And right away we had a dispute as to who was to start work in the cabin. Misha claimed the privilege as chief of the station, but we told him it was extra work, so he'd better keep quiet as chief. Alyosha proposed a chess tournament to settle the dispute. Well, I gave them a piece of my mind. I said though I couldn't play chess that was no reason why I shouldn't be the first to do the hardest job.

Kolya thought we should draw lots. We did, and it fell to my lot to go on duty first.

Alyosha wanted to go instead of me, of course I said no. He asked permission to see me off at least. I said I wasn't going home from a party, and started to get ready.

I put on my warmest clothes and took my rifle. At the time I was just learning to shoot, but still I was already a good marksman. Then I said good-bye to the boys. Alyosha had to take care of the cooking in my stead — he was replacing me both in the kitchen and at the meteorological instruments outside.

He saw me off as far as the instruments It was time to take the readings and I couldn't send him away.

Our dogs followed us.

They brought us both joy and sorrow. We were fond of them, those powerful, shaggy beasts, but it was hard to feed them Our food stores were under strict control, we had no right to spend them on dogs. We should've shot seal and laid in their meat during the summer. But it was autumn when we arrived; besides, we didn't quite know yet how to hunt seal. The boys managed to hit only two seal and fished out only one of them. The dogs ate an awful lot, and we had to share our rations with them, but of course we couldn't give them their fill. They were always staring at us with hungry eyes. The boys hoped to shoot a polar bear, but bears didn't show up in our neighborhood, and seal were out of the question in winter-time.

It was all Alyosha could dо to call the dogs back.

I looked (after him for a long time. It was full moon and I could see far. Alyosha kept waving his cap at me I shouted to warn him that he might get his ears frozen.

I walked down the shore and made for our snow cabin across the ice-field. I knew my way, but to be on the safe side I went by the stars. It was Misha who'd taught me the trick.

As I walked away from the shore it was lost to view, and the space around me was moonlit and white. I stopped to look at the ice, as if I'd never seen it before.

I was all alone in that wilderness. It was dead still. It'd have cheered me up had it at least rung in my ears. But it didn't — I might as well have been deaf. I even felt scared, as if I were on the moon or some other dead planet. So still… And that deathlike gleam. ..

I felt so weak, so small I could've cried. First of all I thought of Alyosha. When we were last going back to the station from the cabin I had felt nothing of the sort That's what solitude does to you!

I shouted to raise my spirits. But my voice was lost as if in a heap of cotton.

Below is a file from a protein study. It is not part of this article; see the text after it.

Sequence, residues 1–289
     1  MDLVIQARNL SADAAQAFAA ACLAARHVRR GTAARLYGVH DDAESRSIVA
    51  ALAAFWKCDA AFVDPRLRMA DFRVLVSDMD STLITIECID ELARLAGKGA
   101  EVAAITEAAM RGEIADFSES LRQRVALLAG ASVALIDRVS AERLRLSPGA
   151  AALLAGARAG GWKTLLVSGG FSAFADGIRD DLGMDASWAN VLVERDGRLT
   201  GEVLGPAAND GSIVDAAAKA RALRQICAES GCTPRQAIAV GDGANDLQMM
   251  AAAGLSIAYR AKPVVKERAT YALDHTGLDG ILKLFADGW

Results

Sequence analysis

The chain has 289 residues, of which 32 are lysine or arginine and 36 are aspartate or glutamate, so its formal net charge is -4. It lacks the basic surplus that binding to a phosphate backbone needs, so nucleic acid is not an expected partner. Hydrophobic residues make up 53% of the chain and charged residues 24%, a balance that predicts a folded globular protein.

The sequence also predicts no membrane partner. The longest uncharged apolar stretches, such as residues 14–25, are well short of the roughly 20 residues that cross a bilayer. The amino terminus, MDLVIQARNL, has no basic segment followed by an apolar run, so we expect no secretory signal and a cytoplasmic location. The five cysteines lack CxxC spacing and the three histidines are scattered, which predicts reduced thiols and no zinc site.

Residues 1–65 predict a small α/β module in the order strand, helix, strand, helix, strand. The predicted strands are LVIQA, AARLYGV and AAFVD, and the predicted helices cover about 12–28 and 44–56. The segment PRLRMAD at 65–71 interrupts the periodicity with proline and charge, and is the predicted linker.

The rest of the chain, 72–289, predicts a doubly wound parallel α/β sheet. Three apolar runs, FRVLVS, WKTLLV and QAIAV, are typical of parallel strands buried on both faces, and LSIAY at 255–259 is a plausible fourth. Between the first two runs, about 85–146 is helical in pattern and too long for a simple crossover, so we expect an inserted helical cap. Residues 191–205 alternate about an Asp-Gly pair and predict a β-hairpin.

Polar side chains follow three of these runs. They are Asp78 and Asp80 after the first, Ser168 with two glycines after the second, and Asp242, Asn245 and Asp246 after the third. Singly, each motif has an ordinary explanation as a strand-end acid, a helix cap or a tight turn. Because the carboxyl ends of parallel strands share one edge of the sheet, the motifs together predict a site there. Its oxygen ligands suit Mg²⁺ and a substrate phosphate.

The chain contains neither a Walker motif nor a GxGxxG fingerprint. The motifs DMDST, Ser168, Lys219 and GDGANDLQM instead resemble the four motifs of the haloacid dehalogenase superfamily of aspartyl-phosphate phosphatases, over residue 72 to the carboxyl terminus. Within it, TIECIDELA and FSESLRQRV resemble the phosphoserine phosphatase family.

It was the scare of my life Gladly would I have shouted again, but there was a lump in my throat. No sound came out of it, just as in a dream. It was so still all around me and the moonshine so eerie. I wished at least some shadow would scurry past.

I felt I couldn't walk on. Might as well turn back and run for it. But what I had to run away from, that I didn't know myself. It's just that way children run out of a dark house or shed in a cold sweat.

Suddenly I heard a crackle. It'd been so still at first as though I could no longer hear at all — and now that crackle. It was slight, as of sparks flying a long way off.

I thought I must be going crazy because I'd begun to imagine things. All my pride was gone in a jiffy. I wished I could call Alyosha, but I'd walked so far away.

And the crackling went on and on, sticking to the same note. When I strained my ear, it was as if I heard nothing, but as soon as I stopped listening there it was again — a sort of ringing or moaning.

"The sound scared me out of my wits, I turned back and ran. Then I stopped and tried to pull myself together. What was I going to tell the boys? They'd laugh at me!

I forced myself to think of the job I was out to do. We had to find out if the water near the bottom was fresh or briny, and where the waters of the great Siberian rivers that empty into the Arctic Ocean flowed to. Those waters are warmer than the briny waters coming from near the pole. If only we could use those warm waters somehow so that the Arctic seas wouldn't freeze. There's the Barents Sea, which never freezes thanks to the Gulf Stream.

As I thought about all that I looked at the ice around me. How wonderful it would be to melt it so that Soviet ships could sail here in winter, too. Soviet people are sure to do that, they're going to transform the North.

I made myself turn to the sea, then I closed my eyes so as not to see the moonlight. I thought about sleep-walkers — moonshine affects nervous people, doesn't it?